The mountains, covering more than half the total surface of the province, are along the west and southwest border of the province, their height varying from 500 to 1480 metres. The hills are lower, between 20 to 200 metres, with some points at 400 metres, and occupy a third of the area of the province, between the mountains and the plains. The plains account for about a tenth of the surface area, with a height of only up to 20 metres above sea level. Between the hills are the lagoons which occupy the remaining 5 per cent of the surface area of the province.

Bach Ma National Park is a protected area in central Vietnam, near the city of Hué. It covers 220 km² and comprises three zones: a strictly protected core area, an administrative area and a buffer zone.

The climate is similar to central Vietnam in general: a tropical monsoon climate. In the plains and in the hills, the average annual temperature is 25°C, but in the mountains only 21°C (statistical yearbook 2004). The cool season is from November to March with cold northeasterly winds. The lowest average monthly temperature is in January: 20°C. In the cool season temperatures can fall to 12°C in the plains and the relative humidity is high, between 85 and 95%. Then follows a warmer period from April to September with average monthly temperatures up to 29°C in July, reaching up to 41°C at times. It is very humid in July. The relative humidity is lower, sometimes down to 50%.

The annual precipitation in the province is 3200 mm but there are important variations. Depending on the year the annual average may be 2500 to 3500 mm in the plains and 3000 to 4500 mm in the mountains. In some years the rainfall may be much higher and reach more than 5000 mm in the mountains. The rainy season is from September to December – about 70 percent of the precipitation occurring in those months. Rainfall often occurs in short heavy bursts which can cause flooding and erosion, with serious social, economic and environmental consequences. The floods of November 1999 led to 600 deaths and affected 600,000 homes. (Comité des inondations, 1999).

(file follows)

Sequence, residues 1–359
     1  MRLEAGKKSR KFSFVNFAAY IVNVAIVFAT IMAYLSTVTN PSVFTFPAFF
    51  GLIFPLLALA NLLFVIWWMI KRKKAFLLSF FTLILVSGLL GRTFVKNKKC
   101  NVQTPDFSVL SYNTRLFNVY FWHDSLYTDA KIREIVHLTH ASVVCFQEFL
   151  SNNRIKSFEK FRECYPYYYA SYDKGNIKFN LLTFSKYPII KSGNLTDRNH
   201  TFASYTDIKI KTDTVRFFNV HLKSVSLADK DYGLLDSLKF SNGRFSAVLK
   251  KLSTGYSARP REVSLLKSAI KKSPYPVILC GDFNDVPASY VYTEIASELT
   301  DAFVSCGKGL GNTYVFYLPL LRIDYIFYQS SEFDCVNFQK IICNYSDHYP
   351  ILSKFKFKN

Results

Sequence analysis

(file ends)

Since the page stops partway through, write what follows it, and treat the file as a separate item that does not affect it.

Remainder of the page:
The retail sales of goods and services (trade, hotel, restaurant, tourism) in the province is 10960.6 billion dong or 0.9% of the country. This is compared with 12.7% for Hanoi and 23.5% for Ho Chi Minh (2009).

The province has over 120 km of coastline, which provides a for a seafood industry that produces over 40,000 tonnes/year consisting of over 500 species of fish.

There are over 100 mines for minerals and non-mineral resources with the majority consisting of limestone, granite and kaolin.

Arts (e.g. wood works, fabrics, furnitures, paper arts, pottery), literature (text books), and spicy cuisines (included dry goods, vegetarian food) are the main exports of this region. Exquisite custom-made áo dài (Vietnamese long dress), and nón lá (conical hat) are souvenir items for foreign visitors and overseas Vietnamese.

The ability to make toys, design lanterns, form special papers, and figurines making are native skills of people who lived here.

Fruits such as rambutan, jackfruit, lychee, durian, dao, dragon fruit, star fruit, mangosteen, coconut, kumquat, golden apple, among other exotic species are grown in this area due to sufficient amount of rain received each year.

Rice, tea, and coffee are grown, and sold.

Tourism is a flourishing business in this area. Many historical buildings are located in Hue, largely a legacy from its time as a capital of the Nguyen dynasty (1802–1945). Inside the city are the Royal Citadel, Flag Tower, Royal Palace, and Royal Tombs. Hue’s Forbidden Purple City was once reserved for the royal family; it was severely damaged during the Vietnam War. Outside the city is the religious site known as Nam Giao Hill, or Heaven’s Altar.

Hue Brewery Ltd is located on the Huong river in Hue City with a recognizable brand in central Vietnam. The Brewery is jointed owned by the state and private sector and was founded in 1990 with an initial investment of 2.4 million USD with a capacity of 3 million liters/year, which has grown to a capacity of 100 million liters/year in 2007.


Vietnam’s National Road 1A, which runs the entire length of the nation from north to south, passes through Huế.

Huế and Da Nang are the main intermediate stops on the railway line from Hanoi to Ho Chi Minh City.

This province is served by two sea ports: Thuan An Port and Chan May Port.

Phu Bai Airport, the largest domestic airport in terms of passengers per year is situated 15 km south of Huế. This airport ranks fourth among Vietnam’s airports. The government has approved the upgrade of this airport to an international airport with some air links to Asian destinations.